"I love playing to new people," she adds, noting that the Mime Troupe has performed at local tourist spots, "but you can't be ungrateful to the audience that has supported you. Of course, anything political gets marginalized in our culture." Holden isn't fazed by the current conservative climate. "There are thousands of young people in this city leading very marginalized lives, and I find that everywhere we go. . . . These may be conservative times, but radicalism is not dead, not by a long shot." In any case, she adds, conservative periods "are very good times to be a satirist."
But even though the Mime Troupe is a venerable progressive institution in the solidly liberal Bay Area, it's not afraid to satirize the left. "People get incensed," Holden smiles. "They come raging up and ask, are we really saying that black people can be racist, how dare we call a character a Jewish princess-stuff like that all the time."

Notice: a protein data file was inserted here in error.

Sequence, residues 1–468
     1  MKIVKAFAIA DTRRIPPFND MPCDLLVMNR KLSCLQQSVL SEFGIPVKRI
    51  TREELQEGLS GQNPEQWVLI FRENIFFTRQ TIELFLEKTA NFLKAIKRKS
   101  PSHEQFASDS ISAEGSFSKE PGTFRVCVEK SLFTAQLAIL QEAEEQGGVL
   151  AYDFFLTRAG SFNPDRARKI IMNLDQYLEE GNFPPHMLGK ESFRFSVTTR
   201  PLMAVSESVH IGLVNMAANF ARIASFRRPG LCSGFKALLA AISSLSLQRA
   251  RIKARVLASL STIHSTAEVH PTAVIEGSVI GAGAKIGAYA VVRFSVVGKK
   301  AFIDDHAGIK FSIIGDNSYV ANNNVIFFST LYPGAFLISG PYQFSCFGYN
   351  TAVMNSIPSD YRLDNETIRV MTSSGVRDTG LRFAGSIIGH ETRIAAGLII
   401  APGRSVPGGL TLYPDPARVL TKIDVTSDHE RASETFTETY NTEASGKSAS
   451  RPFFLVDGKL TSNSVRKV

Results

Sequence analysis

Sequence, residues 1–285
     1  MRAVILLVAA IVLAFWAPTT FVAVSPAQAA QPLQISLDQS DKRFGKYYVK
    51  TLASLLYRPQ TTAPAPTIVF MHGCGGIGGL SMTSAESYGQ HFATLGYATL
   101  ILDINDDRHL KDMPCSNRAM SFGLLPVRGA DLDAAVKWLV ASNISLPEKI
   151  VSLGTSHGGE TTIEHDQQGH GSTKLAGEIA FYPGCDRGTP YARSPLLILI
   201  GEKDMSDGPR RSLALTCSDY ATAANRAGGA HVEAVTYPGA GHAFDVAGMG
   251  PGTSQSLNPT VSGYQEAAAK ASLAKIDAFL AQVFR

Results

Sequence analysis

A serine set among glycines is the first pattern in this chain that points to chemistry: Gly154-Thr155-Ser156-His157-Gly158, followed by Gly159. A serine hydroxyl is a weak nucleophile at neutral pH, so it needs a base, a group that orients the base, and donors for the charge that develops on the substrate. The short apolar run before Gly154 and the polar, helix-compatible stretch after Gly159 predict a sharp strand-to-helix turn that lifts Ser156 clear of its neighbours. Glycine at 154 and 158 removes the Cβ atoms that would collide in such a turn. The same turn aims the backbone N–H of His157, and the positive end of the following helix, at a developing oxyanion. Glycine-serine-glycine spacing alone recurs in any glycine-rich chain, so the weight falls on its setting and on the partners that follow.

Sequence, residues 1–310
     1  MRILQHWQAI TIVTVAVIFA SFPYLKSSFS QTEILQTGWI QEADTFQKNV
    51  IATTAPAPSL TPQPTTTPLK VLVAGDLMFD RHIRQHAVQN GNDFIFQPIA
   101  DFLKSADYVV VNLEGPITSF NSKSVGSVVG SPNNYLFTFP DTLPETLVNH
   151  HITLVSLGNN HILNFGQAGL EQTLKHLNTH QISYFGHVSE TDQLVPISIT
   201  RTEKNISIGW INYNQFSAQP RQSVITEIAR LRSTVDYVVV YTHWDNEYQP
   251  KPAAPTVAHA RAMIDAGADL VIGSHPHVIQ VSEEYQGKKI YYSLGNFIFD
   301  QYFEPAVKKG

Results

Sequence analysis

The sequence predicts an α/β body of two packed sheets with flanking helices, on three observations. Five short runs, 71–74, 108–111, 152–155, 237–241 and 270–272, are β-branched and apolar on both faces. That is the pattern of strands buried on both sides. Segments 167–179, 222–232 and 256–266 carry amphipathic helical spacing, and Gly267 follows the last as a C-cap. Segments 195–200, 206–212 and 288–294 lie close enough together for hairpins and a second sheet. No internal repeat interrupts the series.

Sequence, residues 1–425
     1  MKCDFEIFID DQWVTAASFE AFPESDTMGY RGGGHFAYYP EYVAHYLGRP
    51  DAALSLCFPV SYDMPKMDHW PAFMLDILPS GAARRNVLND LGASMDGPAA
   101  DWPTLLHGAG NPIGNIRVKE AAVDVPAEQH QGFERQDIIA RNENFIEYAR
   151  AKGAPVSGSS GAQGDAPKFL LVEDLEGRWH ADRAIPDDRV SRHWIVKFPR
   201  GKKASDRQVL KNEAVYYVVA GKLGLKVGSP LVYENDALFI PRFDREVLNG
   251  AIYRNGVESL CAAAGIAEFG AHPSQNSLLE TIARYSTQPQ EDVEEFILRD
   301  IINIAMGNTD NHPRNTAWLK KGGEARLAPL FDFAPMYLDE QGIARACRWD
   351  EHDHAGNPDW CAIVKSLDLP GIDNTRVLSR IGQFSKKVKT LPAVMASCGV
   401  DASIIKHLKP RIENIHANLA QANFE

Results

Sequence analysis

Her inspiration, she says, comes from "rage. Satire comes from anger, turning rage into humor." In deciding on ideas for plays, the collective asks itself, "what are we mad about?" She admits that sometimes the anger has on occasion overwhelmed the art, though she's learned to balance the two. "What's more important, art or politics?" she asks, rhetorically. "I refuse to distinguish. I do art about politics." These days, "political humor" connotes talk-show hosts making single-entendre jokes about cigars and Viagra, or limp, nonpartisan singalongs of the Capitol Steps variety. The Mime Troupe prefers its jokes more barbed. The result is often funnier than poking Trent Lott's hair with a yardstick.
I ask Holden which authors influence her plays. Instead of contemporary playwrights like Stoppard or Durang, she mentions Swift and Aristotle. "The Poetics was all the theatrical criticism I needed. Aristotle explains things, the primacy of action. I've never found him to be wrong.